By means of connectors, of which two are indicated by reference numeral 30 in FIG. 3, the stools 24 are connected between the two panels 12a, 14a to form the front and rear walls of the container 28, as described in greater detail below.

A pair of skis 32 are then secured by connectors 34 to opposite sides of the container 24 for supporting the latter for travel over snow and ice.

The panels forming the roof and the front and rear walls of the hut 10 can be folded and stacked on the panel 14b in the container 28.

The container 28 as shown in FIG. 3, supported on skis 32, can be towed behind a skidoo for transportation to and from a remote location, e.g. over a snow covered trail leading to a frozen lake, and is obviously suitable for carrying further equipment within the container, for example, heaters, fishing tackle, and the like. Also, the container 28 can be employed for transporting people or as a windbreak for people sitting within the container 28 while it is stationary.

It may also be desirable to be able to transport the hut into remote locations along paths which are not snow covered.

For this purpose, a pair of wheels, of which only one is shown and indicated by reference numeral 36 in FIG. 4, can be rotatably secured to the skis 32, at locations between the longitudinally spaced connectors 34, for supporting the container 28 on the ground. This arrangement makes use of the resilience of the skis 32, which thus act as suspension springs for suspending the weight of the container 38 from the wheels 36.

The erection of the hut 10 is illustrated in FIGS. 6b to 6e.

As shown in FIG. 6b, the first stage in the erection of the hut is the connection of the side wall, formed by the panels 12a and 12b, by means of two of the connectors 24 to one of the two panels forming the rear wall of the hut.

As shown in FIG. 6b, the side and rear walls are not supported on either of the skis. If it is desired to mount the assembled hut 10 on the two skis 32, then the skis 32 can be secured by the connectors 34 to the lower panels 12b and 14b of the opposite side walls, as shown in FIG. 6c, which also shows the side wall comprising the panels 14a and 14b and the roof comprising the panels 16a and 16b connected to the opposite side wall and the rear wall of the hut by hasps 37 secured by screws to the plywood panels.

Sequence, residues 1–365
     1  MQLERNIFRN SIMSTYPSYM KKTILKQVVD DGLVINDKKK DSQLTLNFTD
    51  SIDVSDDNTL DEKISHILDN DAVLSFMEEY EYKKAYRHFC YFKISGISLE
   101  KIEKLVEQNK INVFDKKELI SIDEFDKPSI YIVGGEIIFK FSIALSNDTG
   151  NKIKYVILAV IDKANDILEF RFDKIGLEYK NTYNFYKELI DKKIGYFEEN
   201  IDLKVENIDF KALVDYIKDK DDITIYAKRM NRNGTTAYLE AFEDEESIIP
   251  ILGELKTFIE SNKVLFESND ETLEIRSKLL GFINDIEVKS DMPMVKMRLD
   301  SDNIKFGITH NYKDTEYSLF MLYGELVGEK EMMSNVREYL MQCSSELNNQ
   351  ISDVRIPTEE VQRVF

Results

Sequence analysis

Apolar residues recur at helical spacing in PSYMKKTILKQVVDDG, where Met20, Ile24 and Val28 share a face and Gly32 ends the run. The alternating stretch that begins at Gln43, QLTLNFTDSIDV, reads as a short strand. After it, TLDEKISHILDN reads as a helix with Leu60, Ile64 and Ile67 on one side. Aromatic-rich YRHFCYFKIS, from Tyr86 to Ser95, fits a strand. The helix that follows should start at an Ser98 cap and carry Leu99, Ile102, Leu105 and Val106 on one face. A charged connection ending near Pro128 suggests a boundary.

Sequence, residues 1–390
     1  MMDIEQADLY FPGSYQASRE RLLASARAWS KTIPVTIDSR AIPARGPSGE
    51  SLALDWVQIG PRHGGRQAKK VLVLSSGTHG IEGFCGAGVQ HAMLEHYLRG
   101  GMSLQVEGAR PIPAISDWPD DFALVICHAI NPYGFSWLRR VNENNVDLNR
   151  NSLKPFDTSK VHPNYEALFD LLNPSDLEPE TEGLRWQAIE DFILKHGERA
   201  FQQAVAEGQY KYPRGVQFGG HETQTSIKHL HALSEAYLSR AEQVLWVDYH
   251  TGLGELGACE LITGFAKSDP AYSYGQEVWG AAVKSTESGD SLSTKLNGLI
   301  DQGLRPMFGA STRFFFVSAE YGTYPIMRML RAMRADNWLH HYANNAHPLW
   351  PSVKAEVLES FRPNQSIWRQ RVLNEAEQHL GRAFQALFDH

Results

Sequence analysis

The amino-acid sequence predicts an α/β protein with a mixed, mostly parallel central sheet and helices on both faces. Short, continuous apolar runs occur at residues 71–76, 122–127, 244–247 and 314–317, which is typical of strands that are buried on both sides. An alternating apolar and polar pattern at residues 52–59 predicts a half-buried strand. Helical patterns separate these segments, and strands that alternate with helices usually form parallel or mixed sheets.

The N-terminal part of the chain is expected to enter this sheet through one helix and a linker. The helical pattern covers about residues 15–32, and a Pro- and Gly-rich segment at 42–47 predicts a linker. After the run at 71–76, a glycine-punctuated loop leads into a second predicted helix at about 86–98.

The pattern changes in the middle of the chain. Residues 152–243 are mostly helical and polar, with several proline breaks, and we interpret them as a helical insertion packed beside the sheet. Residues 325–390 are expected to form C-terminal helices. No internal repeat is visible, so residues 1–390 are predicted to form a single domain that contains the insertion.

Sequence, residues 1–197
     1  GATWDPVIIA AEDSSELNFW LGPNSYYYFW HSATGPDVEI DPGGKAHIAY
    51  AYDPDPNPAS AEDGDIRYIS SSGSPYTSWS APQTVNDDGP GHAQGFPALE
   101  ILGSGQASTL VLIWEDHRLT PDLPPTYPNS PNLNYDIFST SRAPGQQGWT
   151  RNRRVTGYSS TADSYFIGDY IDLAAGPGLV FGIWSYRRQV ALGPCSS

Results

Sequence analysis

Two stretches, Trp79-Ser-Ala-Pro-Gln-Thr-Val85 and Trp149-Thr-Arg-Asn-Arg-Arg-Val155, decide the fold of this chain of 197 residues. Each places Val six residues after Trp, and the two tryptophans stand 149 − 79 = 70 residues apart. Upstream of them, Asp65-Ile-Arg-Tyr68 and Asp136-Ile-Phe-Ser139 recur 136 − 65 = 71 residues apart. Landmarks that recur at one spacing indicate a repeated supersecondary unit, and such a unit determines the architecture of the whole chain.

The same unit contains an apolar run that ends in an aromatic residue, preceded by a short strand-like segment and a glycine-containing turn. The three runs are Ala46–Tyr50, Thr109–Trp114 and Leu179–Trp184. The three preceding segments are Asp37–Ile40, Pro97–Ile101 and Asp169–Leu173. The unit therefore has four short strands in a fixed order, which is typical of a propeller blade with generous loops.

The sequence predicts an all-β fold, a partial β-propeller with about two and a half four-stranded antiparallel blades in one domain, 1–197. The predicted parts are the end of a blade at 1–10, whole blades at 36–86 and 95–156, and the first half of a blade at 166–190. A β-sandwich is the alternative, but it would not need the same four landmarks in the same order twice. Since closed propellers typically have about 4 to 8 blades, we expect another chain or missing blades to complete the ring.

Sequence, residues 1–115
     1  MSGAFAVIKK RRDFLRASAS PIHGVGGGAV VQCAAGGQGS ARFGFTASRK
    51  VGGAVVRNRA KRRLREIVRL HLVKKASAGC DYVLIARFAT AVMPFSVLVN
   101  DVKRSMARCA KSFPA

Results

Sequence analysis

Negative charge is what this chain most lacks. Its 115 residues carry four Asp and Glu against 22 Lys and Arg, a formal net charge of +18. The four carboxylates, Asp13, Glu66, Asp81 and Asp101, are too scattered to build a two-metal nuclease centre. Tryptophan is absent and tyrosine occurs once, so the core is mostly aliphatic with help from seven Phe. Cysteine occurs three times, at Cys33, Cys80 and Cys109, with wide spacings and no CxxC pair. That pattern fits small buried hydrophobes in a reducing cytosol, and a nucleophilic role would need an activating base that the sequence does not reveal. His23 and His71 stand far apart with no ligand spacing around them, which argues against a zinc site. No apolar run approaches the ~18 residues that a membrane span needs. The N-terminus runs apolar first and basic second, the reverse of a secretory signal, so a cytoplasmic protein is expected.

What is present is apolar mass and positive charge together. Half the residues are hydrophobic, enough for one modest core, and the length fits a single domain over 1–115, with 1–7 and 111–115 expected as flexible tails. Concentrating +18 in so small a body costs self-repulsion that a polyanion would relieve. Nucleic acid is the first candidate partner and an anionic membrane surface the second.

Alternatively, to reduce the possibility of accidents due to the effect of wind on the partially erected hut, the panels may be connected together, to the extent possible, while they remain flat on the ground, and then quickly raised and secured to form the erected hut.

A filler strip 22b is then secured by fasteners 38 to the lower edge of the rear wall of the hut, as shown in FIG. 6d, to close the gap between the bottom of the rear wall and the ground, and the front wall is secured to the two side walls by four of the fasteners 23, as shown in FIG. 6e.

It will be apparent that the hinges of the opposite side walls extend horizontally in the assembled hut 10, whereas the hinges of the front and rear walls extend vertically, so that the four walls thus prevent one another from folding into their collapsed positions.

As shown in FIG. 5, which illustrates one of the stools 24, each stool comprises a pair of square plywood panels 24a which are connected together along adjacent edges by a hinge 24c and which, when the stool is in use, are folded so as to overlie one another and form a seat. A pair of wood strips 24d are provided at the underside of the seat, at opposite edges thereof, for engagement with a pair of pivotally connected support frames 24e, so that the stool can be employed in the condition in which it is shown in FIGS. 1 and 6 as a seat during fishing, eating or other periods.

During the assembly of the container 28 shown in FIG. 3, the panels 24a are spread apart and secured by the connectors 30 to the opposite side walls of the container 28, and the support frames 24e are collapsed and secured by wing nuts 24f to the plates 24a to ridigify the front and rear walls of the container 28.

By removing the rear wall of the container 28 and tipping up the container 28 into the position in which it is shown in FIG. 6, the container may be employed as a windbreak.

Referring now to FIG. 7, which shows one of a pair of clips 37a connecting the roof to the side walls adjacent the roof hinge, clip 37a lies flat on the roof panel 16a or 16b and is secured thereto by a pair of screws 39, and has an arm 37b which lies flat against one of the wall panels and retains the latter beneath a marginal edge portion of the roof panel.

FIG. 8 shows in greater detail one of the connectors 34 and, more particularly, shows one of the connectors 34 securing the panel 12b to the ski 32.